And today’s standards for cybersecurity are increasing rapidly.
Post-launch, many hedge funds and investment firms struggle to gain ground and attract the institutional capital needed to succeed in today’s competitive market. As firms grow – and bandwidth and budget are less likely to be roadblocks – it can be a challenge to reinvent the wheel and position your firm to capture institutional dollars.
During a recent webinar, speakers from EisnerAmper and Eze Castle Integration explored trends in hedge fund operational due diligence and technology operations and offered advice for asset managers looking to grow out of their startup boots and achieve an institutional grade operation. Some areas they explored during the 40-minute webinar include:
How institutional investor expectations have changed for firms at the pre-launch and post-launch phases;
The importance of (and detriment to not) passing an operational due diligence examination;
How cyber security expectations are evolving to increase standards across both technology infrastructure and policy planning;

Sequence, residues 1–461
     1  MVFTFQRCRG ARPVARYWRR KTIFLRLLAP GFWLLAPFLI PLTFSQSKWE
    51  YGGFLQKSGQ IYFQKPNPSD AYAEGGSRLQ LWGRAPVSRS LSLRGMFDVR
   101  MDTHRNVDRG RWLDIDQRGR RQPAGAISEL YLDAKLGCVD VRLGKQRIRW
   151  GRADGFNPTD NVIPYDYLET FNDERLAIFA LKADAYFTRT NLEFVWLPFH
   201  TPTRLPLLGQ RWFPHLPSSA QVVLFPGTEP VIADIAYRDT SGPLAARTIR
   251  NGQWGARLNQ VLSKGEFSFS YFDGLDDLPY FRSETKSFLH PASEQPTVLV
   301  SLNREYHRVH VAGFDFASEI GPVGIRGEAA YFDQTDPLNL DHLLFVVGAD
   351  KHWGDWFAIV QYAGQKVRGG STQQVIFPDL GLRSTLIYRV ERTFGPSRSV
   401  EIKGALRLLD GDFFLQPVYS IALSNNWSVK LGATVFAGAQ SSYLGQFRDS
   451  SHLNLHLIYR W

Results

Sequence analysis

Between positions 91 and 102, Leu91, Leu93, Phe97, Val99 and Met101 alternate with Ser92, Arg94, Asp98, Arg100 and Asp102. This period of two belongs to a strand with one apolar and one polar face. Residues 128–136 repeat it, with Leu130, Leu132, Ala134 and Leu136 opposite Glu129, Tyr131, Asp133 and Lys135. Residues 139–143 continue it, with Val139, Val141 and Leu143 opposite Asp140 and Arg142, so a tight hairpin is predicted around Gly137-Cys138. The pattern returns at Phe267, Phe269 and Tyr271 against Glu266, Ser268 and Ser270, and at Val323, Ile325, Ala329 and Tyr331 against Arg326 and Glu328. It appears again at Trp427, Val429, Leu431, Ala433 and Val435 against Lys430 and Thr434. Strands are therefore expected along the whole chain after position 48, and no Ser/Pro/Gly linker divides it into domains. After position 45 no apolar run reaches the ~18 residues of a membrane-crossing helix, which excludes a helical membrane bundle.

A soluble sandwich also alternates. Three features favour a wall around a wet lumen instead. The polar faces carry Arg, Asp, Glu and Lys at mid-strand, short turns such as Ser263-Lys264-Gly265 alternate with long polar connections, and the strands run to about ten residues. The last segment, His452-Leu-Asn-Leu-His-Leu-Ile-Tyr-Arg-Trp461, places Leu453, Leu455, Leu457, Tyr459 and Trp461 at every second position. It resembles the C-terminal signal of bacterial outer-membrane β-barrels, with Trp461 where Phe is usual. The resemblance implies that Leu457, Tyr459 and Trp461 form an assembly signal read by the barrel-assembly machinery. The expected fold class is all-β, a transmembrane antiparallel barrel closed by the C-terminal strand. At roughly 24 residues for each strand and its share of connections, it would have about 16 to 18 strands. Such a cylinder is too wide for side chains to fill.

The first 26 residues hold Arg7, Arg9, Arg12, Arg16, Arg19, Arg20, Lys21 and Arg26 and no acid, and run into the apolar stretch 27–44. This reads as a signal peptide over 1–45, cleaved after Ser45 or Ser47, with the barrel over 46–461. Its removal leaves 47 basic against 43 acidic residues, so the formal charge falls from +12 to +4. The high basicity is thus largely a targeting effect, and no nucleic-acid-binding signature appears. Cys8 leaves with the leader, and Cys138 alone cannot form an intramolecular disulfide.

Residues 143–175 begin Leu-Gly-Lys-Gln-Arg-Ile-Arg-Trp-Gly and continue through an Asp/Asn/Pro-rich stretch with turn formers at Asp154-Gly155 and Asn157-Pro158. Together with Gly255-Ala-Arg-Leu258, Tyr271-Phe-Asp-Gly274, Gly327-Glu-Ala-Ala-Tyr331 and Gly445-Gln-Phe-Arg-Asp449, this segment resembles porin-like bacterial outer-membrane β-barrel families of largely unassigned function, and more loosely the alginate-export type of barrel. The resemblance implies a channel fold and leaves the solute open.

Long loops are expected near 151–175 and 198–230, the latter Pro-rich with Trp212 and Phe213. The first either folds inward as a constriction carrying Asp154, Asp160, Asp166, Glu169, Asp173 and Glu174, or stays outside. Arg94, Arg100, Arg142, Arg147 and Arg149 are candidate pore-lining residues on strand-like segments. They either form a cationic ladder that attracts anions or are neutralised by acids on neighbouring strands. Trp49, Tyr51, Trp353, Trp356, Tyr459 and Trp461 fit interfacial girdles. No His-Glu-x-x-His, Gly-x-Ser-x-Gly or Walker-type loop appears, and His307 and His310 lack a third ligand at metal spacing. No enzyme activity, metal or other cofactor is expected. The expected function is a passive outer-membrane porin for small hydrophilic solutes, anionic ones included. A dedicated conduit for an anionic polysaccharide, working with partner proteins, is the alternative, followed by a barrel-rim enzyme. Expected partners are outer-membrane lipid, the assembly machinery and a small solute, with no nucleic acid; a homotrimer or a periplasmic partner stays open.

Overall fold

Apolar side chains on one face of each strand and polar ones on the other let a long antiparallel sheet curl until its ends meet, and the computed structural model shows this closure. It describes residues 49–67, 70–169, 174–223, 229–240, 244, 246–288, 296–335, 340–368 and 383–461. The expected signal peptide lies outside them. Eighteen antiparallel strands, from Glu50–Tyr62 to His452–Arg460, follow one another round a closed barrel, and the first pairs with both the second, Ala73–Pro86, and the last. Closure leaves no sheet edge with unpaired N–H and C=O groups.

If the public cloud is suitable for investment management firms looking to solidify institutional investments; and
Top mistakes emerging managers make that prevent successful ODD exams and institutional evolution.
Scroll down or click here to watch the replay.
As you’re probably aware, the topic of cybersecurity has been splashed prominently across headlines lately. Earlier this year, the former US director of national intelligence, James Clapper, identified cybersecurity as the top global threat.
In his testimony before the Senate Armed Services Committee, Clapper stated “I think the private sector needs to up its game on cyber security and not just wait for the government to provide perfect warning or a magic solution.” So what should you be doing to better protect your firm’s critical systems and data?
The truth is both large, well-established hedge funds and smaller startups are equally at risk of intrusion. Hackers may target large firms because they see an opportunity to profit from their substantial asset pools. Additionally, they might be after the notoriety associated with successfully hacking a well-known fund’s critical systems, especially in cases that will likely garner media attention. For smaller funds, hackers are likely after intellectual property, namely business plans, market forecasts and investment strategies.